To put it another way, this year’s election choices may shape coastlines 10,000 years from now. Donald Trump and Ted Cruz have both mocked the idea of human-caused climate change, with Trump suggesting that it is a hoax invented by China to harm the American economy (he now says that last point was a joke).
The upshot is that Brussels survived this week’s terrorist attacks, but it may not survive climate change (much of the city is less than 100 feet above sea level).
Doesn’t it seem prudent to invest in efforts to avert not only shoe bombers but also the drowning of the world’s low-lying countries?
Daniel Gilbert, a professor of psychology at Harvard, says that the kind of threats that we evolved to deal with are those that are imminent rather than gradual, and those that involve a deliberate bad actor, especially one transgressing our moral code. Explaining our lack of concern for global warming, he noted,“Climate change is caused by the burning of fossil fuels, not flags.”
In short, our brains are perfectly evolved for the Pleistocene, but are not as well suited for the risks we face today. If only climate change caused sharp increases in snake populations, then we’d be on top of the problem!
Yet even if our brains sometimes mislead us, they also crown us with the capacity to recognize our flaws and rectify mistakes. So maybe we can adjust for our weaknesses in risk assessment — so that we confront the possible destruction of our planet as if it were every bit as ominous and urgent a threat as, say, a passing garter snake.
BBC News - #India climate: What do drowning rhinos and drought tell us? #Pakistan #climatechange
A river, swollen by raging monsoon floodwaters, had torn down a bridge on the main road between Mumbai and Goa.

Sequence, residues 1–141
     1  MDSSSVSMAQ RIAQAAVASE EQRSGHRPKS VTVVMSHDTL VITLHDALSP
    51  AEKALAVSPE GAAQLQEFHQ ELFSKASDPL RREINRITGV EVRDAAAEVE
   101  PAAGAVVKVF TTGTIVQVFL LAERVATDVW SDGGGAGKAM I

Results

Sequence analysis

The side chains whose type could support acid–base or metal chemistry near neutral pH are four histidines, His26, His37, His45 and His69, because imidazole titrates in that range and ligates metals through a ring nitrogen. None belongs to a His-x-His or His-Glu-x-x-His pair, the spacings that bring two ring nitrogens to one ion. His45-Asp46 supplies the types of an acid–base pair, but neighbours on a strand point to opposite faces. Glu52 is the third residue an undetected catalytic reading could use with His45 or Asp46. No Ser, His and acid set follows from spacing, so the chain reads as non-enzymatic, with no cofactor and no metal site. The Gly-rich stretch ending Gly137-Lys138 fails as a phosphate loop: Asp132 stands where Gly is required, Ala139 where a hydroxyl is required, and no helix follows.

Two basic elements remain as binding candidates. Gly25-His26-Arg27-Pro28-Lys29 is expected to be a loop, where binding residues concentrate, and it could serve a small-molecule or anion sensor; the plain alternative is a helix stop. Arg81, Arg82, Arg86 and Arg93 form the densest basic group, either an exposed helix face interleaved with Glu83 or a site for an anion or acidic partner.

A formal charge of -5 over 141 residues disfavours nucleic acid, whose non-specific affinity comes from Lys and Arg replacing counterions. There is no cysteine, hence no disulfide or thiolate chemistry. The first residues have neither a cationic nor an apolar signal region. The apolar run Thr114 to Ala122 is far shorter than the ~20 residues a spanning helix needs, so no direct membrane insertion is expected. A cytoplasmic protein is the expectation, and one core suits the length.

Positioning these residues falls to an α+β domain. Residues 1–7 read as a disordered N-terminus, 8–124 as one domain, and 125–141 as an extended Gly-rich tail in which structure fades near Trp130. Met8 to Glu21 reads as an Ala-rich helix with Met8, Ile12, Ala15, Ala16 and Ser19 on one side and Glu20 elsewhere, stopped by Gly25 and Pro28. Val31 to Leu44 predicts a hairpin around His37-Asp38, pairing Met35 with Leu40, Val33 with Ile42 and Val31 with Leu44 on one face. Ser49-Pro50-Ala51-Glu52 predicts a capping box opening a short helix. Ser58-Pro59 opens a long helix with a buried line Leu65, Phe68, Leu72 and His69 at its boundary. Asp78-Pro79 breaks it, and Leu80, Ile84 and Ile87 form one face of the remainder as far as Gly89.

More than 30 people are thought to have died when the great stone structure crashed into the torrent, taking with it two buses and a number of cars.
Some of the bodies were swept more than 60 miles downriver in two days.
Rescue workers search the flooded River Savitri after an old bridge collapsed in Mahad, western Maharashtra state, India, Wednesday, Aug. 3, 2016.
In the heart-wrenchingly brutal calculus of the newsroom, this isn't a major story. But zoom out, and you begin to see the outlines of a much bigger and more worrying picture.
India, indeed the whole South Asia region, has been riding a rollercoaster of extreme weather.
The summer monsoon is the most productive rain system in the world, and this year the region is experiencing a strong one. The floods it caused have affected more than 8.5 million people; more than a million are living in temporary shelters; some 300 people have been killed.
Though what really caught people's interest was the three baby rhinos rescued from the waters in the north Indian state of Assam.
The fact that 17 adult rhinos drowned got rather less attention.
But the important point is that the region is awash with water. Just a few months ago, it was a very different story. The previous two monsoons were unusually weak. The result was a terrible drought in northern India, and parts of Pakistan and Bangladesh.
And it was exacerbated by another extreme weather event - record heat.
India experienced its highest temperature ever this summer, a blistering 51C.
Rivers ran dry; water holes evaporated; reservoirs became dusty plains. And, once again, the statistics were staggering.
More than 300 million people were affected by water shortages - the equivalent of the entire population of the US. A city of half a million people was left completely dry. It had to rely on supplies brought in by train.
As if that weren't bad enough, in spite of the drought, the country was hit by a series of unseasonal rain and hailstorms. They caused such terrible damage to crops that some farmers were driven to suicide.
All these examples of extreme weather were widely reported, rightly so. What tended not to be discussed was the underlying cause.
We are all interested in weather; few of us want to be told - once again - that our lifestyles are disrupting the global climate. Yet the truth is that many climatologists believe the monsoon, always fickle, is becoming even more erratic as a result of global warming.